Mike Small, editor of Bella Caledonia, introduces the site's week long series of articles about Paul Mason's new book 'Postcapitalism', and argues that the time is right in Scotland to re-energise the debate about the future of our economy and society
AS THE political movement which burst into consciousness last year reconfigures, the need for getting a wider perspective beyond our own narrow focus becomes clearer. Somebody once told me that, in political terms, there's a time for casting the net and there's a time for mending the net, and this feels like a time for mending the net.
So all this week at Bella Caledonia we've dedicated space to a series of articles focusing on the arguments of Paul Mason, the award-winning economics editor of Channel 4 News and author of the seminal Why It's Kicking Off Everywhere, who's new book: ' PostCapitalism, a Guide to Our Future ' feels groundbreaking and vital.
Mason argues that the end of capitalism has begun, unnoticed. He argues that information technology has the potential to reshape utterly our familiar notions of work, production and value; and to destroy an economy based on markets and private ownership - in fact, it is already doing so. NewTech has ushered in a postcapitalist era characterized by free time & collaborative networks.
"[Mason] argues that information technology has the potential to reshape utterly our familiar notions of work, production and value; and to destroy an economy based on markets and private ownership - in fact, it is already doing so." Mike Small
He writes: "Postcapitalism is possible because of three major changes information technology has brought about in the past 25 years. First, it has reduced the need for work, blurred the edges between work and free time and loosened the relationship between work and wages. The coming wave of automation, currently stalled because our social infrastructure cannot bear the consequences, will hugely diminish the amount of work needed - not just to subsist but to provide a decent life for all."
As capitalism fails it usually manages to reproduce itself, morph and provide its own inoculation. That's its greatest strength; its ability to transform itself and resist change. But, Mason argues it's that very ability which is now failing. It's significant that the book springs from the pen of a hardened journalist and not an academic or a political theorist. It has the vitality of lived-experience, is riven with real-world examples.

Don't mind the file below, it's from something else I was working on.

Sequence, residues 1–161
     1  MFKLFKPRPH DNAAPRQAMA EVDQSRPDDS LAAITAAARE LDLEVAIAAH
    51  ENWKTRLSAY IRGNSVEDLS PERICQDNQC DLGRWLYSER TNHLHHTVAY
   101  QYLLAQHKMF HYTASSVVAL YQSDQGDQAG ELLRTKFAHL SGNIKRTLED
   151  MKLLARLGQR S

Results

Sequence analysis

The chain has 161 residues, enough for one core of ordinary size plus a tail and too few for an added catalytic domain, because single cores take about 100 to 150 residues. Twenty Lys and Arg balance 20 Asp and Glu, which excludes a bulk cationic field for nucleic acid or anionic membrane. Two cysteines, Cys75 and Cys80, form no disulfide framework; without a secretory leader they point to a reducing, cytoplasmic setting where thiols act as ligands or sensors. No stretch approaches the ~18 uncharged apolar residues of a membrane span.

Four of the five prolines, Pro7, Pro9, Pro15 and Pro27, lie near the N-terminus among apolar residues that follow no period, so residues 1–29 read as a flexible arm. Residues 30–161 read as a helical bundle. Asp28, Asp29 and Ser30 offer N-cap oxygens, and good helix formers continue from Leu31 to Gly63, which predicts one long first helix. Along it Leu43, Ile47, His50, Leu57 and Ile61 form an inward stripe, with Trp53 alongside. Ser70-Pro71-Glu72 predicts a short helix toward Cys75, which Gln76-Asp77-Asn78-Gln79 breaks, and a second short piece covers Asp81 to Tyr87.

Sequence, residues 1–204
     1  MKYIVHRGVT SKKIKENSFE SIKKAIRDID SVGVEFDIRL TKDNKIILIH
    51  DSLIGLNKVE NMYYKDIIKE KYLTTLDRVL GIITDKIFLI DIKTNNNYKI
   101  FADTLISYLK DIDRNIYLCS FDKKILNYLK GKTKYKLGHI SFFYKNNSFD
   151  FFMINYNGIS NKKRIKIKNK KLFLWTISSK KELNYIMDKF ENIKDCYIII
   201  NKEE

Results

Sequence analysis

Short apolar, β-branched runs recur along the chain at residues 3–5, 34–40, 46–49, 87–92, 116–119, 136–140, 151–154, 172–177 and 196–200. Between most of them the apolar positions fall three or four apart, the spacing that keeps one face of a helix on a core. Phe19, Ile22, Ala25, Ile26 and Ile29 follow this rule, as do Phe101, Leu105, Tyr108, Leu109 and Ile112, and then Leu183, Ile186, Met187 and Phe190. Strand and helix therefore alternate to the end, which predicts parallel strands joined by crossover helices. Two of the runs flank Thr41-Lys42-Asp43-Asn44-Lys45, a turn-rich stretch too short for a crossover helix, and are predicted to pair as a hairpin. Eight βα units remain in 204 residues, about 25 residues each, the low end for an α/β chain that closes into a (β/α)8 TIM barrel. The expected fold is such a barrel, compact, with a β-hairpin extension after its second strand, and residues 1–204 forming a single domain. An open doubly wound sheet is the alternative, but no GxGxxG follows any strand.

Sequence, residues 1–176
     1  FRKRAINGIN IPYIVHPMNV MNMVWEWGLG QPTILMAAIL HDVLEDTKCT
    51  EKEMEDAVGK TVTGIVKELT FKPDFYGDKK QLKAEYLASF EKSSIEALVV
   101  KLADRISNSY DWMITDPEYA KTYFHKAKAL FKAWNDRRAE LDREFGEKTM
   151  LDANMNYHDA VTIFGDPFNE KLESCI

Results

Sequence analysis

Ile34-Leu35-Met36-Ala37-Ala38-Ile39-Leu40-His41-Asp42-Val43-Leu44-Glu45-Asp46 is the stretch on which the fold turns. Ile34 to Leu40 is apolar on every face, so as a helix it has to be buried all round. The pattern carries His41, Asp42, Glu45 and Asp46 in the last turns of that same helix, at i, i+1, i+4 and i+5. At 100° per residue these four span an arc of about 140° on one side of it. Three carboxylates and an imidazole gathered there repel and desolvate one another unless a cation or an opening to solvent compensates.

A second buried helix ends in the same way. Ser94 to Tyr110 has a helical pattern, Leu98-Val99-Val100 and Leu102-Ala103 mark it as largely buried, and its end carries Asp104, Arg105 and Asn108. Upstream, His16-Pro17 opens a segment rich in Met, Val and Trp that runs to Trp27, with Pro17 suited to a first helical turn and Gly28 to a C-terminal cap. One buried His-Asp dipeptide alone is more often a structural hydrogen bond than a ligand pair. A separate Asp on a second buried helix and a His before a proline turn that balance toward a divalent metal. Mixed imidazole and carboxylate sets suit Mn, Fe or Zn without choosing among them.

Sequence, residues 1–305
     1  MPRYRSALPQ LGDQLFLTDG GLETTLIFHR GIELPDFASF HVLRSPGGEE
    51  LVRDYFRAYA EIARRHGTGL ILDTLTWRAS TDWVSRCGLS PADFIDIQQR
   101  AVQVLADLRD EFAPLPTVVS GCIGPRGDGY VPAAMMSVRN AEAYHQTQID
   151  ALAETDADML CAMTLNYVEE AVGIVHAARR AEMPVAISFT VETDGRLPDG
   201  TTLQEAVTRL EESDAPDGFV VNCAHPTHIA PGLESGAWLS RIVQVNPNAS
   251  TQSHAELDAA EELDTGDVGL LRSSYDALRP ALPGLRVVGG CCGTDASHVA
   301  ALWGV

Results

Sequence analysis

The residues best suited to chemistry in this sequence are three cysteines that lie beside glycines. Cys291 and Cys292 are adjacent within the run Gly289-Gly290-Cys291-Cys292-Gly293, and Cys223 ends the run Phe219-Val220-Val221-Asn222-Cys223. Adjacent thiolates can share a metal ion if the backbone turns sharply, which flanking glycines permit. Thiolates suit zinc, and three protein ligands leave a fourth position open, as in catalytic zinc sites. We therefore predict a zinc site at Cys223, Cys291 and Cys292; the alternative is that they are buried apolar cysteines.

"It's probably the first time that any writer on economics has used the value of the last ecstasy tablet in a nightclub to explain the concept of marginal utility." Irvine Welsh
As Irvine Welsh writes in the book review which opens our series : "It has the feel of experience well won, as Mason spices the text with anecdotes from the declining peripheries of capitalism, from the river Dniester on the Moldavian border, to Greggs bakers in Kirkcaldy High Street. And it's probably the first time that any writer on economics has used the value of the last ecstasy tablet in a nightclub to explain the concept of marginal utility."
It's like Douglas Coupland speed-dating Naomi Klein. He writes: "Economists like to demonstrate the archaic nature of command planning with mind-games like "imagine the Soviet Union tried to create Starbucks'. Now here's a more intriguing game: imagine if Amazon, Toyota or Boeing tried to create Wikipedia".
It's an inspiring book that needs to be read, digested and challenged.
But one of the really positive aspects of Mason's presentation is his openness and fragility. He is saying 'I might be wrong', let's discuss this. This is no diktat. We hope that as the Scottish insurgency finds new paths it continues its thirst for knowledge and deepening its understudying of the times we're living through.
As Tom Hayes goes to jail this morning for 14 years (barely a brush of the industrial scale corruption of the banking sector), Mason concludes: "Almost unnoticed, in the niches and hollows of the market system, whole swaths of economic life are beginning to move to a different rhythm. Parallel currencies, time banks, cooperatives and self-managed spaces have proliferated, barely noticed by the economics profession, and often as a direct result of the shattering of the old structures in the post-2008 crisis."
Picture courtesy of Joe Wolf